PITCH

PITCH

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Protecting the right to health for marginalised people during COVID-19

Blog by Marielle Hart, Head of Policy US at Aidfonds

Protect the gains, push for progress

This year’s International Universal Health Coverage (UHC) Day on December 12th is taking place nearly one year into the COVID-19 pandemic. COVID-19 has more than ever demonstrated that global solidarity, shared responsibility and protecting everyone is critical to any serious effort to end pandemics, including AIDS, and achieve health for all.

UHC has been a key advocacy priority for the PITCH programme at the global and country-level, driven by key political opportunities such as the Sustainable Development Goals (SDGs) process and the first ever UN High Level Meeting on UHC, which led to the adoption of the Political Declaration on Universal Health Coverage in 2019 guiding all UN Member States towards the achievement of UHC by 2030.

As a follow up of the Political Declaration, countries have started working on UHC implementation plans and strategies which PITCH country partners are seeking to influence. To support these efforts, PITCH is launching 'Protect the gains, push for progress', a new advocacy guide for country-level HIV advocates and community partners to support them in their UHC advocacy during COVID-19 and beyond.

 

UHC is a complex agenda to influence

 

Strengthening the capacity to advocate for an inclusive UHC

UHC is a complex agenda to influence. It is multi-sectoral, it cuts across diseases and focuses on many different components of health care, including accessibility, affordability, and quality of services, health systems reform, the social determinants of health, and accountability.

As UHC discussions are relatively new to many HIV advocates, PITCH has been supporting partners to better understand what it entails, how it relates to HIV and why it is important to engage, equipping them with the skills to advocate for a UHC that works for HIV and key populations in their communities and countries.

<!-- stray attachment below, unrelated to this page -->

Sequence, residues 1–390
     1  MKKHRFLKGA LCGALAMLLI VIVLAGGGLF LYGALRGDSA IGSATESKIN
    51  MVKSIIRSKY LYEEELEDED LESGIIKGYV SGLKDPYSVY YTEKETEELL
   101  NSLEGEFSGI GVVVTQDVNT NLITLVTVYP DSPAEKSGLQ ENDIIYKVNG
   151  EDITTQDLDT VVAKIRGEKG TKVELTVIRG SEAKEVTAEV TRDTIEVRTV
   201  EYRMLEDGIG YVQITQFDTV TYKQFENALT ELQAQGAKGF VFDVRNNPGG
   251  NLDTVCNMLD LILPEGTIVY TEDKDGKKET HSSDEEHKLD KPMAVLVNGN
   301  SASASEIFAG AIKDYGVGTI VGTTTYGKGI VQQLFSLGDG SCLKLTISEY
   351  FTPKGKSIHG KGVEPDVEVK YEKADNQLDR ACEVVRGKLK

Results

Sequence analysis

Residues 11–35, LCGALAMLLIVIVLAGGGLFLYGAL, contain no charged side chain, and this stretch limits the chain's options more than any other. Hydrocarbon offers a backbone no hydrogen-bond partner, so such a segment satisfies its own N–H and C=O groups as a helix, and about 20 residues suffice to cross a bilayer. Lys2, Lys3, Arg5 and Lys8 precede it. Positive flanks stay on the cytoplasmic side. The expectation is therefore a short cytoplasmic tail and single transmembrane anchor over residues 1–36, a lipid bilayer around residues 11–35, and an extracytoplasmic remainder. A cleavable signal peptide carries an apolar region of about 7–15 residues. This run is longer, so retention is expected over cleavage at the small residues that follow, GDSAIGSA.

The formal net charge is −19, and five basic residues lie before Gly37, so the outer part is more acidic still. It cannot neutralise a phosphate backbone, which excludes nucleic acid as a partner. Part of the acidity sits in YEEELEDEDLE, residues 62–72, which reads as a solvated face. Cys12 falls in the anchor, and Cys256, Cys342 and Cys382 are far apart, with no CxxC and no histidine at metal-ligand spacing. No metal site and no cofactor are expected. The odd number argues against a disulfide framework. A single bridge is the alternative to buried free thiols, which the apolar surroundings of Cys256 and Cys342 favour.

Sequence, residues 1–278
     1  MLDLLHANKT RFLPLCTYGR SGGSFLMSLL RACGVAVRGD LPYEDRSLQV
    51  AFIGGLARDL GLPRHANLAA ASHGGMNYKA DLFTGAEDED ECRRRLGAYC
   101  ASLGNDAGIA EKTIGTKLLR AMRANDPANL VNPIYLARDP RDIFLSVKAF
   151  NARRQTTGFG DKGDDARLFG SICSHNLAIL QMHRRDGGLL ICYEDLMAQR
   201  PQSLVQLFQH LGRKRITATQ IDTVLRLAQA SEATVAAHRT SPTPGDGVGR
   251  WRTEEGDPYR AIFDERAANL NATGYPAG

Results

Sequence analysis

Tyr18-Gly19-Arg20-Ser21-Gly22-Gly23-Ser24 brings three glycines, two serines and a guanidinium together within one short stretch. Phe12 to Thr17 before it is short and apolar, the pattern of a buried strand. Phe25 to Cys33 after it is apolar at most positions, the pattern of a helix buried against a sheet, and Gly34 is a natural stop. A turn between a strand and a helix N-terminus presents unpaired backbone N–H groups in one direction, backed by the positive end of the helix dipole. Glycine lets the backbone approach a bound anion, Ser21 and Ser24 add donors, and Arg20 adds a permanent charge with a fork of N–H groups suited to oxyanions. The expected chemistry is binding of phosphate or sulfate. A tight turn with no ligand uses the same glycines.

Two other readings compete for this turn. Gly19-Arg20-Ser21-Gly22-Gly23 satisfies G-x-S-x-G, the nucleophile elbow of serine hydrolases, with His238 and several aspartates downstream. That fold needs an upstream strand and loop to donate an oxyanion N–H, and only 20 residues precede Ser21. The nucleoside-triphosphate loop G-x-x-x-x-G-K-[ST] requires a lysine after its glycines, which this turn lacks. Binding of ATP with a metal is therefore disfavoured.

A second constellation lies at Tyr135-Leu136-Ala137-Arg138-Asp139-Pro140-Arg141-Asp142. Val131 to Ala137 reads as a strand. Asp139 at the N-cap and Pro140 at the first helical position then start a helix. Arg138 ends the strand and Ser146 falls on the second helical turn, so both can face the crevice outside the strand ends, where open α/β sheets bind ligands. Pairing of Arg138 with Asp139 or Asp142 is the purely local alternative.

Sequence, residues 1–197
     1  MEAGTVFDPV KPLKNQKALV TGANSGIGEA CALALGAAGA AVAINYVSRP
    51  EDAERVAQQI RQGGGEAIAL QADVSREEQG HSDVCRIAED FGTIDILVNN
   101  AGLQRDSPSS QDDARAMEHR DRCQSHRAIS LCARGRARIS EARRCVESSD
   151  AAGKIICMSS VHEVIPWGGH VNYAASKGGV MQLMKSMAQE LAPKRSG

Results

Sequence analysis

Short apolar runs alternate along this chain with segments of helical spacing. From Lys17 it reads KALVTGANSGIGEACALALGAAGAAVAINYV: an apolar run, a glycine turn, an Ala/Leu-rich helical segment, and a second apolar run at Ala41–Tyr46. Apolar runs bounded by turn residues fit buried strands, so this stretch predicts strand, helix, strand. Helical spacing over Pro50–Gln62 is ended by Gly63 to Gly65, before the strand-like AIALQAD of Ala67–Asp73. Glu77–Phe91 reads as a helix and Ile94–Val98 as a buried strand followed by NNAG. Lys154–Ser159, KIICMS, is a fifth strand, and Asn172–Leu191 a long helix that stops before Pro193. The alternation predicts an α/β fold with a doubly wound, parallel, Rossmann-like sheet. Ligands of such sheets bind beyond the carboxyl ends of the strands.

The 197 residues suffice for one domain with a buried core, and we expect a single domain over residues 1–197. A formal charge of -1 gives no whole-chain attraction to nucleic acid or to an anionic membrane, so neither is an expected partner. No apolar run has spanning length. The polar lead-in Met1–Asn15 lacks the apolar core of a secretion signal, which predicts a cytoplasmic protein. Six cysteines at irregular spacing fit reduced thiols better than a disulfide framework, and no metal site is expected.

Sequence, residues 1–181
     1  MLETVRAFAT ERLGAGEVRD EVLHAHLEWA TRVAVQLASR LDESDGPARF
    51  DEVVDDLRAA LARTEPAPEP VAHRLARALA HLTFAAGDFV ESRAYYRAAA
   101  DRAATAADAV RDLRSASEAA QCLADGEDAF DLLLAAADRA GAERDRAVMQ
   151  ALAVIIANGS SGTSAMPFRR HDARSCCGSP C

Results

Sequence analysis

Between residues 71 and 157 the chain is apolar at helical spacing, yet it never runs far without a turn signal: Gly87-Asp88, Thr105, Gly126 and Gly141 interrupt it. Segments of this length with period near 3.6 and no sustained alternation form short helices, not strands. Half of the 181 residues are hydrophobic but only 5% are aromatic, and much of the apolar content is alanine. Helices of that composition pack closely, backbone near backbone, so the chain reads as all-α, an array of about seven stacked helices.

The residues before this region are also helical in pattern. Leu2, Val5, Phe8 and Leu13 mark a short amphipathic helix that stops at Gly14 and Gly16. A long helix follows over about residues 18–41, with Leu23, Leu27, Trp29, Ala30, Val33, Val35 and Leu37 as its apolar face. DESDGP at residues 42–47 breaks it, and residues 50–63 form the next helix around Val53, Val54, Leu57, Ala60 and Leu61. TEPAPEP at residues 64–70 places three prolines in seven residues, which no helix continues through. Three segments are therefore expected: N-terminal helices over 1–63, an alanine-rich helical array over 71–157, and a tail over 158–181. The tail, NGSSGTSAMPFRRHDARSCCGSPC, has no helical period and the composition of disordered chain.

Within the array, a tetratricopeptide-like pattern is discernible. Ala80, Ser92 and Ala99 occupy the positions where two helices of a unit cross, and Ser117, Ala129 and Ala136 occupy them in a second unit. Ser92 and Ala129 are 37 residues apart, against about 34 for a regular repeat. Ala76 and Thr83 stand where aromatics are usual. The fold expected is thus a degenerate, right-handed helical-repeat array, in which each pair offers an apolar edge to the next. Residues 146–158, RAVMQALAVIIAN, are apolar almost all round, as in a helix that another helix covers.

PITCH partners have made significant efforts to engage with the UHC agenda in their countries.

 

Policy research - in partnership with the London School of Hygiene and Tropical Medicine - generated critical knowledge about country realities in terms of UHC implementation and to a better understanding of UHC by country partners. They identified opportunities for influencing government plans and gathered evidence on the services and groups that are being left behind on the road to UHC.

In Kenya, partners assessed a UHC pilot project in two counties. This provided key insights into how key populations and other vulnerable groups accessed HIV and SRHR services. This shaped recommendations to the national government on how to best roll out UHC at the national level to meet the needs of key populations. In Uganda, partners engaged with Members of Parliament on the gaps in the current national health insurance draft bill, especially the exclusion of vulnerable populations and youth who are not in formal employment. As the national health insurance scheme is one of the main resources to finance UHC in Uganda, this will result in the exclusion of these groups from UHC.

As more partners have started to engage with UHC advocacy, we have generated more specific tools and guidance to shape these conversations, especially in the current COVID-19 crisis.

 

UHC advocacy in COVID-19 context

Since the outbreak of COVID-19, partners have raised concerns about how different preventive measures by countries are affecting the continued delivery of HIV services and the further exclusion of key populations and other marginalised groups.

Lockdowns, quarantines and disruption of public transport services have prevented people living with and affected by HIV to go to clinics to access services; delays and shortages of ARVs and condoms have been reported; and women, children and young people have been exposed to increased domestic violence. Some measures taken by governments have led to a further increase of stigma and discrimination of key populations.

As a result, more tailored advocacy messages and communications are needed on the links between HIV, UHC and COVID-19. It is critical to urge governments and donors to ensure comprehensive HIV services are available to all during pandemics, such as COVID-19 and to achieve UHC. This requires continued resources for HIV and more investment in inclusive and rights-based health systems.   

The new advocacy guide is designed to support partners in developing advocacy strategies that integrate rights-based, community-led and inclusive approaches into the UHC agenda in the context of COVID-19 and beyond. It will be useful for longer-term advocacy to ensure countries have health systems in place that are strong and resilient to future health crises.

 

Community advocacy can support governments to achieve universal health coverage that contributes to ending AIDS, health for all and protection for everyone

 

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